Air pollution is one of the biggest threats to public health – and it’s everywhere. According to the World Health Organisation, poor outdoor air quality caused an estimated 4.2 million premature deaths in 2016. But before we can take action to make our air cleaner, we need answers to three big questions:

Where does air pollution come from?

Which areas suffer the most?

What makes air pollution levels change?

Finding the answers requires a rich dataset, covering as many locations as possible, with information received in near real-time. A team of researchers at the University of Southampton (UK) are teaming up with Pycom and Seeed Studio to achieve just that.

PyonAir is a low-cost, IoT enabled device, designed to meet the needs – and budgets – of both universities and individuals. Centred around Pycom’s LoPy4 board, PyonAir will transmit data over both LoRa and WiFi networks. Pycom’s range of LoRa modules makes it possible to set up the device in any country with LoRa coverage. Meanwhile, the original PCB design, manufactured by Seeed Studio, offers incredible flexibility. Seeed Studio’s plug-and-play Grove system allows users to tailor the device for their own projects, swapping sensors in seconds, with no soldering required.

The device will be fitted with two particulate matter (PM) air pollution sensors, which detect pollutants like dust and smoke. Additionally, Grove GPS, temperature and humidity sensors and a backup clock will provide context for the PM readings. Extra I2C compatible sensors can easily be linked up to the PyonAir PCB, requiring only a clip-on splitter cable.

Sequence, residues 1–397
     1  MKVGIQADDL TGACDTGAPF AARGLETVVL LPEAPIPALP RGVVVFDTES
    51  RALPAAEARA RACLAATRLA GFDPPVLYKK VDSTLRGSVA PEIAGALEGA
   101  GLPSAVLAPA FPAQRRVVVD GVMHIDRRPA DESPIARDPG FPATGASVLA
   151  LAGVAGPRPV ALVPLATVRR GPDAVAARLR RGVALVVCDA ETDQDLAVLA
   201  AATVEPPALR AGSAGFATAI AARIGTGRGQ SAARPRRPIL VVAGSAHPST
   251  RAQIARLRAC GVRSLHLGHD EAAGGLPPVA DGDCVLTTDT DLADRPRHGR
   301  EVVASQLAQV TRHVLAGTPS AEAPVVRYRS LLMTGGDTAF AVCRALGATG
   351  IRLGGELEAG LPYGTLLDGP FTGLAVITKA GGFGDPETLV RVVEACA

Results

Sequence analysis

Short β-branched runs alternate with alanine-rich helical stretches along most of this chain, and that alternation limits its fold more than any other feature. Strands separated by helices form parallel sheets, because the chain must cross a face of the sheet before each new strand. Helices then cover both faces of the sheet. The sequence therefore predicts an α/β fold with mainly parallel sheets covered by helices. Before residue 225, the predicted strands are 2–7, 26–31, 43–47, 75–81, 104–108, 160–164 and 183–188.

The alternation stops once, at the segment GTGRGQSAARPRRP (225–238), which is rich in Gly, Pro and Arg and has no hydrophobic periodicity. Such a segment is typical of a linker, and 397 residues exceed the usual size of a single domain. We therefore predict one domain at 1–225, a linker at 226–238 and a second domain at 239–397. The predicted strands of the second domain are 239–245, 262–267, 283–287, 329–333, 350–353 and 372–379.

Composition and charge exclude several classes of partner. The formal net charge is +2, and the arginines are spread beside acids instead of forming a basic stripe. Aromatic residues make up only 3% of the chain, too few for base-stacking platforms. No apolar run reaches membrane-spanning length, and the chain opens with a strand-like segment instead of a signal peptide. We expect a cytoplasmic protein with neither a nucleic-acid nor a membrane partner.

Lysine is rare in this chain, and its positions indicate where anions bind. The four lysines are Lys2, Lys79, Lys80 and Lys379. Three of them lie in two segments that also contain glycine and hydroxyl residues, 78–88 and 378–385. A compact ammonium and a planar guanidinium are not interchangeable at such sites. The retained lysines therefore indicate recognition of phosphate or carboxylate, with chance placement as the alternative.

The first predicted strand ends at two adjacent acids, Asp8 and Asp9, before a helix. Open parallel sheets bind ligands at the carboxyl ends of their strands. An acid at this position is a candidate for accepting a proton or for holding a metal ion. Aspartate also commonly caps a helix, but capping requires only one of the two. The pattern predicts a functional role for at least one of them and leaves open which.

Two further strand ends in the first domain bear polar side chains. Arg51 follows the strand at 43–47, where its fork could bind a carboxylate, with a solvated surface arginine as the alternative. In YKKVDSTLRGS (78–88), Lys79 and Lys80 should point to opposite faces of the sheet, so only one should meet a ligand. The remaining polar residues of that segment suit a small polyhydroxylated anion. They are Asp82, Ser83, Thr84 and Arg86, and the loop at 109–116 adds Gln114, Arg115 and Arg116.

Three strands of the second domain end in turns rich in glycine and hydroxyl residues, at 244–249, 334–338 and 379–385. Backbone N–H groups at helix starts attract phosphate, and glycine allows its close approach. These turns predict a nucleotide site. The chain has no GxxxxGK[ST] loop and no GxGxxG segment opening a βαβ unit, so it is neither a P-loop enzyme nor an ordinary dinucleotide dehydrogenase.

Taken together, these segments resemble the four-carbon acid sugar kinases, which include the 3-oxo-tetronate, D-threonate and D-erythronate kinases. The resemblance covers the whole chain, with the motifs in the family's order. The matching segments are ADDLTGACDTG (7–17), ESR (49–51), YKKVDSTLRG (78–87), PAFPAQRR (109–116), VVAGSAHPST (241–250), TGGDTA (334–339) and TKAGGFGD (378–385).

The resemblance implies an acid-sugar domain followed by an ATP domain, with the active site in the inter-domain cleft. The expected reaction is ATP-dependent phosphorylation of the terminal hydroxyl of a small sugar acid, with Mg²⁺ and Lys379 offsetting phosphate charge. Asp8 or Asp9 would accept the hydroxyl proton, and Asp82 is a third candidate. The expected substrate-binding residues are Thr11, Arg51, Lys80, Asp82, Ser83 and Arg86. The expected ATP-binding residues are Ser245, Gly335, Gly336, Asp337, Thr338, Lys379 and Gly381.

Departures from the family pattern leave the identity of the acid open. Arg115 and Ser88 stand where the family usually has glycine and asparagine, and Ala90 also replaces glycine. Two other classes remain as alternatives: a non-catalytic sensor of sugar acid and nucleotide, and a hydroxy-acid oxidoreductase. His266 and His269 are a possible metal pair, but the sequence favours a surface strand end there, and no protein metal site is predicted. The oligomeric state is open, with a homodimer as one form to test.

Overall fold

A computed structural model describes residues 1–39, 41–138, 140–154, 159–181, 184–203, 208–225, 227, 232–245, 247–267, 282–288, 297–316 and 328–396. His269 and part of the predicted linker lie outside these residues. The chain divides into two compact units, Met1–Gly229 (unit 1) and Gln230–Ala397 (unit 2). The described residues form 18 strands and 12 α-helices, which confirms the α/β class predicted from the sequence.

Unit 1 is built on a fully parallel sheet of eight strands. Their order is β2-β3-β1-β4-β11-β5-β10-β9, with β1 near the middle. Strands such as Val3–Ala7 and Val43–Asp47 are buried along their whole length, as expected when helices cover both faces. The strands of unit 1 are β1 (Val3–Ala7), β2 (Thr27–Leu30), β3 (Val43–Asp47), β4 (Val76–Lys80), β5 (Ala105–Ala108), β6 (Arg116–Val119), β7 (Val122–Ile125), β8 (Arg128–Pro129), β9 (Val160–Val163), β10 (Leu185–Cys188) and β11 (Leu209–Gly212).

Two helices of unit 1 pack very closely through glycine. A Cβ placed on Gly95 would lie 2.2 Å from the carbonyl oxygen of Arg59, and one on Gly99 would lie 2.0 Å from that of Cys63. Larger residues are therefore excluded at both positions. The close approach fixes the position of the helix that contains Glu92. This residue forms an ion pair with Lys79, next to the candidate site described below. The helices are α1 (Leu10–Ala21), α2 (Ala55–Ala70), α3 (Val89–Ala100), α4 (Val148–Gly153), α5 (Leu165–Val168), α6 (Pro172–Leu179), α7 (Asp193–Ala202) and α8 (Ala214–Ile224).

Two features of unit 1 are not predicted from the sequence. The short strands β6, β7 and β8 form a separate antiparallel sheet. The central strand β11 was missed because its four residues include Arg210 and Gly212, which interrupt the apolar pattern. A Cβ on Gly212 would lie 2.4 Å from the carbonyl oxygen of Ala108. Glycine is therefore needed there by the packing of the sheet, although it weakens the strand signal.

The PCB itself offers two options for component population. Users seeking a device that’s ready to go with minimal assembly can buy the board from Seeed Studio’s Fusion PCBA service, populated with surface mount components. However, low-budget or educational projects may wish to purchase the empty boards and solder components by hand. To facilitate this, the PCB was designed such that every component has a through-hole mounting option, making the board easy to solder – even for beginners.

PyonAir’s open-source software plays a crucial role in making the device user-friendly. By following a simple tutorial, users will be able to download the entire software package from Github directly to the LoPy4. The device configuration can be accessed by connecting to the PyonAir’s own WiFi hotspot, using a phone, laptop or any system with a web browser. All of the collected data will be sent to a database hosted by the University of Southampton and will be accessible via a Microsoft Azure Table. 

Prototypes of the PyonAir have already been shared with researchers in Vietnam and Denmark, with plans to share the device with even more teams worldwide. PyonAir is now entering the final testing phase, with the deployment of 100 devices across Southampton scheduled for late September. For more information, including a guide on how to build your own PyonAir, please visit: https://s-u-pm-sensor.gitbook.io/pyonair/ or email Dr Steven Johnston ().

Massive thanks to Seeed Studio and Pycom for their support over the course of the project!

By Hazel Mitchell, Southampton University

Open Source Hardware and IoT are deep-rooted in Seeed’s values, so it comes as no surprise that Seeed is immensely honored to have a role in supporting the team at Southampton University. We hope to see PyonAir devices spread across the country, if not further, and are confident that the data gathered will be invaluable in understanding the harmful pollution on everyone’s doorstep. Best of luck!

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